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Wound Care Nurse: Job Description and Typical Salary Range

Career News September 26, 2013

A wound care nurse, often referred to as a wound, ostomy and continence nurse, is a registered nurse who specializes in this specific field. The future for nurses in general is promising, according to the U.S. Bureau of Labor Statistics. The Bureau reports that the job outlook is better than average for nurses with an expected growth rate of twenty-six percent.

One way they can distinguish themselves is by selecting a specialty like wound care. Through continuing education in wound management, nurses improve their employment opportunities and increase their salaries.

What is Wound Care?

The Wound Ostomy and Continence Nurses Society define this distinctive role as a nurse who specializes in the care of patients with wounds, ostomies, or continence disorders. Nurses in wound care management work with patients who have gastrointestinal stomas for feeding tubes or colostomy bags, skin ulcers, drains, surgical incisions, or pressure sores. Any type of breach in the skin qualifies as a wound and might need additional treatment.

The goal of the nurse is preventative care and wound healing. In some cases, a wound care nurse must evaluate the skin surface of at risk patients such as bed ridden elderly individuals to prevent decubitus ulcers. They provide treatment protocols to ward off skin irritation and infection for wounds that may not heal well, because of other medical problems, such as diabetes or poor circulation.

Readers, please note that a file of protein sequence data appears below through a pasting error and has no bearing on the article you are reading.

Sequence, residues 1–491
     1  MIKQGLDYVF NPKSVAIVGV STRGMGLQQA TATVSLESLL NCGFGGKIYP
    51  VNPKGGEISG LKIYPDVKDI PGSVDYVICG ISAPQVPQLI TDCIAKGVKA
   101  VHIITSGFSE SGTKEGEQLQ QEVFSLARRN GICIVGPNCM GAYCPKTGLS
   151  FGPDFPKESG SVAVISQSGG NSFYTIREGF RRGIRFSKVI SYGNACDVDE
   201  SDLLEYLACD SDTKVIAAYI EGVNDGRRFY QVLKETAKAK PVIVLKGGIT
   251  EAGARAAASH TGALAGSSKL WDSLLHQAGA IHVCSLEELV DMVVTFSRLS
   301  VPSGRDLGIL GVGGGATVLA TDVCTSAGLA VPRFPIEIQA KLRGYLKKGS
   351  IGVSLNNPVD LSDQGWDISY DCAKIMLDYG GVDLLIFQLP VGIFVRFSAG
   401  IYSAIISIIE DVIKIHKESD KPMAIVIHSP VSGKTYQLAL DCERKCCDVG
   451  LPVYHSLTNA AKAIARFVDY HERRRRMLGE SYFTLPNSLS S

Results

The exact duties of a wound nurse vary by condition. Generally, the healthcare professional will follow the standard of care for each specific wound including infection control and maintenance. They may also provide patient education and consult with staff, to recommend evidence-based treatment options.

Educational Requirements

To be eligible to work in wound management, as nurse must have a Certified Wound Care Nurse certification, or CWCN. These candidates must also receive a bachelor’s degree, or higher, from an accredited nursing program. The nurse must already have a valid RN license to apply for certification. In addition, the nurse completes a wound care education program from either the Wound Ostomy and Continence Nurses Society or a graduate school. As an alternative, a nurse can have 50 continuing education contact hours in wound care over a five-year period plus 1500 clinical hours.

Wound care continuing education lasts several months and includes both classroom and clinical training.

Salary

Wound care nursing is a specialty that requires continuing education, therefore, salaries are higher than those of general registered nurses. Indeed.com reports that the average wound care nurse makes around 70,000 dollars a year. The salary range will vary by location. For example, a wound care nurse in Lincoln, NE averages around 51,000 dollars per year while a nurse in Los Angeles makes 74,000 dollars annually.

Wound care nurses have a variety of employment opportunities. They can work in nursing homes, on surgical wards at hospitals or in clinics that specialize in wound management. Wound care is often associated with aging patients. More retirees are turning to home health care, or assisted living as the population of the elderly increases in the United States. This opens up another job source for nurses with this specialty that are able to travel.

Career Advancements

Advanced degrees in nursing include a master’s or doctorate. A candidate interested in going further in the wound care industry can become a nurse practitioner who specializes in this niche. Any advanced degree would allow a CWCN professional to work as an administrator in a wound care ward, clinic or nursing home. A nurse care practitioner would qualify to run a private practice for patients requiring wound treatment and prevention.

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